New entrants could bring innovation.
Adapting to user preferences demands flexibility.
Data security concerns need addressing.
Consider Strengths: After gauging external factors, reflect on your company's strong suits. Example strength questions:
What's our standout asset?
What boosts engagement, adoption, and retention?
How do we plan to improve?
Why do customers choose us? Can we amplify that?
What are our key KPIs?
What skills does our team excel in?
Midsize, Inc.'s strengths:
High activation rates via excellent onboarding
CEO's focus on user satisfaction
A growing product team
Review Weaknesses: Analyze where your company falls short in customer expectations or operational efficiency. Example weakness questions:
What bottlenecks exist?
What do customers complain about?
What leads to churn?
Why do customers pass us over?
Do we have the resources to meet goals?
Midsize, Inc.'s weaknesses:
Marketing reshuffle caused delays
User frustrations with tier limitations
Outdated help documentation
Using (or Not Using) SWOT: SWOT lends insights but isn't always the answer. When to Use SWOT Analysis:
Gain a broad view: Apply to your whole company or a segment, market, or department.
Leverage research: Quantitative or qualitative insights strengthen your analysis.
Decide on positioning or pivot: SWOT's internal and external focus aids big decisions.
Combine strengths and weaknesses: Use them to set your product apart.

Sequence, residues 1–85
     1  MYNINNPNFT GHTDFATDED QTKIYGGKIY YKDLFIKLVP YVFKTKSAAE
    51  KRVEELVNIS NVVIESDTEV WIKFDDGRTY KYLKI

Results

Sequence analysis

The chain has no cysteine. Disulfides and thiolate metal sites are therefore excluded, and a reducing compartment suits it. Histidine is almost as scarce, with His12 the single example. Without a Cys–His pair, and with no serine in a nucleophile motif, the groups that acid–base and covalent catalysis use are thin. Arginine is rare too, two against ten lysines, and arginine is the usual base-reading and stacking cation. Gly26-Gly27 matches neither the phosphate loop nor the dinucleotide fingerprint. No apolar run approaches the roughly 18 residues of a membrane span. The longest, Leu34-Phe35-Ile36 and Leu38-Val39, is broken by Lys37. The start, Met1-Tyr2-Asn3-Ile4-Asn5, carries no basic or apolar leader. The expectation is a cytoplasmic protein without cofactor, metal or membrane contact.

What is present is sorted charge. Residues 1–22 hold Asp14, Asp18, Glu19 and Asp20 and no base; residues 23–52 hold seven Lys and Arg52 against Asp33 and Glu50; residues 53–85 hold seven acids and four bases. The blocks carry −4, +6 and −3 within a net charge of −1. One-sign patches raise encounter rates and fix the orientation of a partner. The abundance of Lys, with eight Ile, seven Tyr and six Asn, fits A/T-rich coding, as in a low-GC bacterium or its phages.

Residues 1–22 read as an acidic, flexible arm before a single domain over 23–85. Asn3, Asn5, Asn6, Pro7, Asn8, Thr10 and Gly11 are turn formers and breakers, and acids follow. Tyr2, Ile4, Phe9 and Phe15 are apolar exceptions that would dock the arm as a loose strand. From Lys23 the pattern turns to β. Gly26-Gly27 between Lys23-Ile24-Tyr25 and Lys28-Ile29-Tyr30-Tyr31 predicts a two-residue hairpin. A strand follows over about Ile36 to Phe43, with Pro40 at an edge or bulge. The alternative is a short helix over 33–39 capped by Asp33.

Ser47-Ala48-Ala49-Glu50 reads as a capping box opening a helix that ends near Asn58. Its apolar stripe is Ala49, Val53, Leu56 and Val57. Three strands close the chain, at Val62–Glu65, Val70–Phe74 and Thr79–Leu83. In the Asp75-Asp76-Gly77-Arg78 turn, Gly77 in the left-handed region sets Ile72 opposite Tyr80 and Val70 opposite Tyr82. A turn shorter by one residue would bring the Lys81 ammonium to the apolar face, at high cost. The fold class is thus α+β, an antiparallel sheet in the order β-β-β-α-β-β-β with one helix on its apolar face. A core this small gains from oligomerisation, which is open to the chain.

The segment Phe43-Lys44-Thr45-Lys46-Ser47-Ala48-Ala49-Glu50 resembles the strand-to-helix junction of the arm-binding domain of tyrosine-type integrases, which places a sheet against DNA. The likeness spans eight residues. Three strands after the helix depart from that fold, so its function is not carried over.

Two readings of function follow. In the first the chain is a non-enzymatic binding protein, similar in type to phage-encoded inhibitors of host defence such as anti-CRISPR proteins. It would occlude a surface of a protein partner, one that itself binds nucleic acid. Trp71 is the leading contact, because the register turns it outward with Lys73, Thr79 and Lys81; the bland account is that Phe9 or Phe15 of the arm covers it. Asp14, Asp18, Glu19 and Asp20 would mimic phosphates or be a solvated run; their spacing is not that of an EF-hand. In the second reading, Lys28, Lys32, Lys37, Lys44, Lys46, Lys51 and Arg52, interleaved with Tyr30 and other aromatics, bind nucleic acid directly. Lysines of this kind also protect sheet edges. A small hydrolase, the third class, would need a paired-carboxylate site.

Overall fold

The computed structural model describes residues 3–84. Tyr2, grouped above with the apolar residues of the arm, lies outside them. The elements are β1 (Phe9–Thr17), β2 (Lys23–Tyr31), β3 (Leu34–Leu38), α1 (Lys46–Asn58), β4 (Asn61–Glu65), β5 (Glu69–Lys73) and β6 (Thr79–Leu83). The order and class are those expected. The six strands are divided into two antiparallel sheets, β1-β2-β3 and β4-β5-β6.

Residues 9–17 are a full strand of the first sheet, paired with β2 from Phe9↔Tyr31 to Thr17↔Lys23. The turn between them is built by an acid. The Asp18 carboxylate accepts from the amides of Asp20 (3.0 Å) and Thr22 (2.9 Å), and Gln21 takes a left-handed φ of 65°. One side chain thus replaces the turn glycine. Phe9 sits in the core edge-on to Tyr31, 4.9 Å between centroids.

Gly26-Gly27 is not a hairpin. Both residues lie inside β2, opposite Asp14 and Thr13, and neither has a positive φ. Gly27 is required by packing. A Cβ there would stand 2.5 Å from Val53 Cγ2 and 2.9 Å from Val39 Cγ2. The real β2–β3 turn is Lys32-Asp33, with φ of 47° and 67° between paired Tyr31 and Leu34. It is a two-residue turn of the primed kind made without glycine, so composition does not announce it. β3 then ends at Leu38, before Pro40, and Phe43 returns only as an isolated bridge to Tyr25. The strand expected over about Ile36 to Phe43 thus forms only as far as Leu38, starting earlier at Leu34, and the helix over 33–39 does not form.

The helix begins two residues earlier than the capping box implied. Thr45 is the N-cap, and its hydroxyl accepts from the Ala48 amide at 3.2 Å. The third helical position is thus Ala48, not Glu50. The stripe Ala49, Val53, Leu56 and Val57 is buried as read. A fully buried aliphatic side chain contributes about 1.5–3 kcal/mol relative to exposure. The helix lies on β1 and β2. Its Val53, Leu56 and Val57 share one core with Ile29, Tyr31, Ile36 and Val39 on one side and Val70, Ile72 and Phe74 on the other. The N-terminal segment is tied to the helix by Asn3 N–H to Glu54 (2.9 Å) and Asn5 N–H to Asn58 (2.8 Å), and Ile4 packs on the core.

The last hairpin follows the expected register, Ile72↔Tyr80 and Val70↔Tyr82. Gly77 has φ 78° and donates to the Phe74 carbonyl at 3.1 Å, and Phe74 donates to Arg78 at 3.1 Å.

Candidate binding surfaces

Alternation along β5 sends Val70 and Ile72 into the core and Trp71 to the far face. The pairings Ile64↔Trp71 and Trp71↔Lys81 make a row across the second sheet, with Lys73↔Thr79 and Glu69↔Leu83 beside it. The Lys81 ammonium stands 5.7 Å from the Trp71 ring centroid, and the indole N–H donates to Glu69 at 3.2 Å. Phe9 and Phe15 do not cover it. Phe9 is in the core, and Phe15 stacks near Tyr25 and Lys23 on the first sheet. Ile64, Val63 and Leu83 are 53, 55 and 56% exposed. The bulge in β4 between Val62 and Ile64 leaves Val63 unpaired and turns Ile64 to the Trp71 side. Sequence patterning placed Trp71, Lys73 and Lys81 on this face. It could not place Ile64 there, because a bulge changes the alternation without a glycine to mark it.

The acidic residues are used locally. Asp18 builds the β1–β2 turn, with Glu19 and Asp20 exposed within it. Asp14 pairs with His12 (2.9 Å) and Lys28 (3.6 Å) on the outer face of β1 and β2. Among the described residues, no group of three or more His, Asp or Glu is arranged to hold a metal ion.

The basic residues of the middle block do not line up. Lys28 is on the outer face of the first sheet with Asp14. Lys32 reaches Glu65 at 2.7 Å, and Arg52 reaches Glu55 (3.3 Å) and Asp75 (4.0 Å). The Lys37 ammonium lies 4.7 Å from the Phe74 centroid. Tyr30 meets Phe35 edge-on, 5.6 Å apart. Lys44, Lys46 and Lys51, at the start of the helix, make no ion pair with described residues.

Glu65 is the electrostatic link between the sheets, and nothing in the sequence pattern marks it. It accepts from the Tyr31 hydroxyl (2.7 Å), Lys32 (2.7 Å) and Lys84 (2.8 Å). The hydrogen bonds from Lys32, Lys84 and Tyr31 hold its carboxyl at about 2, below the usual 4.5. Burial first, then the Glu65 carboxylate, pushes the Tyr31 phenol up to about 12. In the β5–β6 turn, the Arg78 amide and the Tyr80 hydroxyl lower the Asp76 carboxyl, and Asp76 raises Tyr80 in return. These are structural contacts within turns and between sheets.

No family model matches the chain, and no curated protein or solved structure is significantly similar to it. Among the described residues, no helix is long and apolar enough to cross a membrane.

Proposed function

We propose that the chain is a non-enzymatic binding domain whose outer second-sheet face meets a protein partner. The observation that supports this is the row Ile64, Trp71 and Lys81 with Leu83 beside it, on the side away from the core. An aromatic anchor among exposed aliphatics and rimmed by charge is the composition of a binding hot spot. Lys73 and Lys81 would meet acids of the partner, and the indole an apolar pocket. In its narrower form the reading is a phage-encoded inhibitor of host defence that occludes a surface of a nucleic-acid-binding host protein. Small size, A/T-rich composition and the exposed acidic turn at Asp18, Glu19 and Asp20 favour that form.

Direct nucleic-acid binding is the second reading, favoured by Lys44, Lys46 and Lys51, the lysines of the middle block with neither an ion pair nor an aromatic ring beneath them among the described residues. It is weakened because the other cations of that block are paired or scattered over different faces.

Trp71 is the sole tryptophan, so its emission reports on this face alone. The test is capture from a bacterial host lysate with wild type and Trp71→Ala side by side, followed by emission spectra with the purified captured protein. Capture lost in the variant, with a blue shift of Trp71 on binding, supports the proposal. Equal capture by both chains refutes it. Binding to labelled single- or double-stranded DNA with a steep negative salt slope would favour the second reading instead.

Assess your health: Weigh strengths against threats for a company checkup.
When to Skip SWOT:
Solitary work: Get diverse input to unveil hidden positives and negatives.
Deep dive: For precise decisions, supplement SWOT with focused analyses.
Unclear motive: Prompt SWOT with specific goals or concerns.
Decisions Based on Your SWOT: Filling a SWOT template could reveal solutions. Tailor SWOT's application to your team:
Marketing: Unite opportunities and strengths for fresh messaging.
Product: Combine threats and weaknesses to enhance or add features.
Finance/Leadership: Weigh strengths and threats to assess health.
Operations: Leverage weaknesses and opportunities to streamline workflows.
Whatever suits your team, summarize key takeaways. For Midsize Pty Ltd it could mean adjusting pricing tiers or automating workflows.
Here's clarity on common queries: Why use SWOT analysis?
It breaks big issues into manageable chunks.
Utilizes internal and external factors for informed choices.
Incorporates diverse data sources.
Sets realistic goals.
Identifies strengths, opportunities, and more.
Applies across business domains.
What are SWOT's components? Strengths, Weaknesses, Opportunities, Threats:
Strengths: Internal strengths and resources.
Weaknesses: Areas needing improvement.
Opportunities: External trends for growth.
Threats: External challenges.
SWOT Mistakes to Avoid:
Bias: Rely on data, not assumptions.
Sole reliance: Integrate SWOT with other tools.
Unverified findings: Validate data.
Inaction: Plan and act on findings. Don't leave reports untouched.
SWOT fuels actionable insights. And unlike school, automate competitor analysis for ongoing market awareness.
Please contact us if you need support to develop your own SWOT analysis.